The team with the highest payroll in baseball has underachieved and now sit at 34-41, and a season-worst seven games below .500. Friday’s loss was more of what has brought the Mets to this point: fielding errors, mental mistakes and poor offense.
Francisco Lindor was at the center of it with a fielding mistake that took the Mets out of any chance of making a comeback.
In the sixth inning, with men on the corners and the Mets down just 2-1, reliever Josh Walker got Brandon Marsh to fly out to shallow left field. Lindor had a beat on it and Tommy Pham gave the play to the shortstop, but some miscommunication caused Lindor to back off at the last second and the ball fell between them, allowing a run to score.
The inning would continue and the Phillies wound up scoring three in the sixth to put the game out of reach.
“That one’s on me,” Lindor said after the game. ”I usually tell my outfielders I’m going until I hear. them. I went back, he never said anything. I heard the crowd get louder and louder so I assumed he was getting close. It was on me, I should have taken full charge of the ball. It’s a pop up that I made many times. Today, that one was on me. I should have taken charge of the ball and I take full responsibility for it.”
While not an error, the play was one of those mental mistakes that has plagued the Mets for weeks now. Whether it’s been miscommunication on the field, base-running errors or batter interference, these mistakes have oftentimes cost the Mets.
It’s an odd sight considering how fundamentally sound the team was last season, but no one in the Mets clubhouse could pinpoint why they are happening more now.
“It’s not like we’re doing things differently this year,” Brandon Nimmo, whose error in the first allowed two runs to score in the inning, said. “It’s a new year and some things are standing out more. Not sure what to attribute it to.”
“We’re a much better team than what we’re showing right now,” Lindor said. “I have to do everything better. From my preparation at night, on the field and playing the game better. I’m working as hard as I can, but there’s always room for improvement… Hopefully we turn the corner at some point. We have said it enough times, we just gotta do it. We have to get it done and I put myself on the top of the list.”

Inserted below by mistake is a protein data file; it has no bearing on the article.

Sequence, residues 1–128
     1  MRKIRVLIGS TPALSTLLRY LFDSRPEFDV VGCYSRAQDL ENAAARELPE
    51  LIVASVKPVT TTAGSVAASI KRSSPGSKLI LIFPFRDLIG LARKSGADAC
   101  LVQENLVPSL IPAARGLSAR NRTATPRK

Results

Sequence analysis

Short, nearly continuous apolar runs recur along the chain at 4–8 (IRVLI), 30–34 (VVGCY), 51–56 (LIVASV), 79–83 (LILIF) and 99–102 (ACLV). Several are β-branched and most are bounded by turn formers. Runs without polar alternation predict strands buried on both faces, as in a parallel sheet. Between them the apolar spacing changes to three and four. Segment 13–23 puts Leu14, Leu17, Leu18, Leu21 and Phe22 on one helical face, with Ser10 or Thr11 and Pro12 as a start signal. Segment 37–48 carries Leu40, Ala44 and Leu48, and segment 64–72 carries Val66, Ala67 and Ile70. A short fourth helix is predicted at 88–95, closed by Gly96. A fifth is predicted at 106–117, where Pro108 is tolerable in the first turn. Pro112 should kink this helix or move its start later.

The Mets have time to right the ship. The 2023 season isn’t half over, and there are recent examples of teams turning their fortunes around in the second half. But there are problems with the way the team has performed that even the players can’t change.
General manager Billy Eppler and the organization made their first of presumably many transactions on Friday by trading infielder Eduardo Escobar. The veteran infielder was well-liked in the locker room but his performance at the plate left a lot to be desired. And with the emergence of Brett Baty, he became expendable.
Lindor was asked after Friday’s loss if there is fear amongst the players if they don’t play better that more trades are coming and the shortstop was very honest yet optimistic about this team.
“When you don’t play well people lose jobs. I don’t see us as a team that’s going to sell out. I see us as a team that’s going to contend,” he said. “We’re built to be contending. We’re not playing like it right now but we’re built for it. Overall, we gotta do a better job, I have to do a better job. I don’t fear nothing, but we just gotta do better.”
The Mets continue their three-game set with the Phillies on Saturday. New York has had the Phillies number in recent seasons. The Mets were 14-5 last season and swept Philadelphia in late May — the last series the Mets won — before their loss Friday. Perhaps they can unlock something against their division rival.
If things don’t change, however, more changes could be coming by the trade deadline.
Source: Yahoo Sports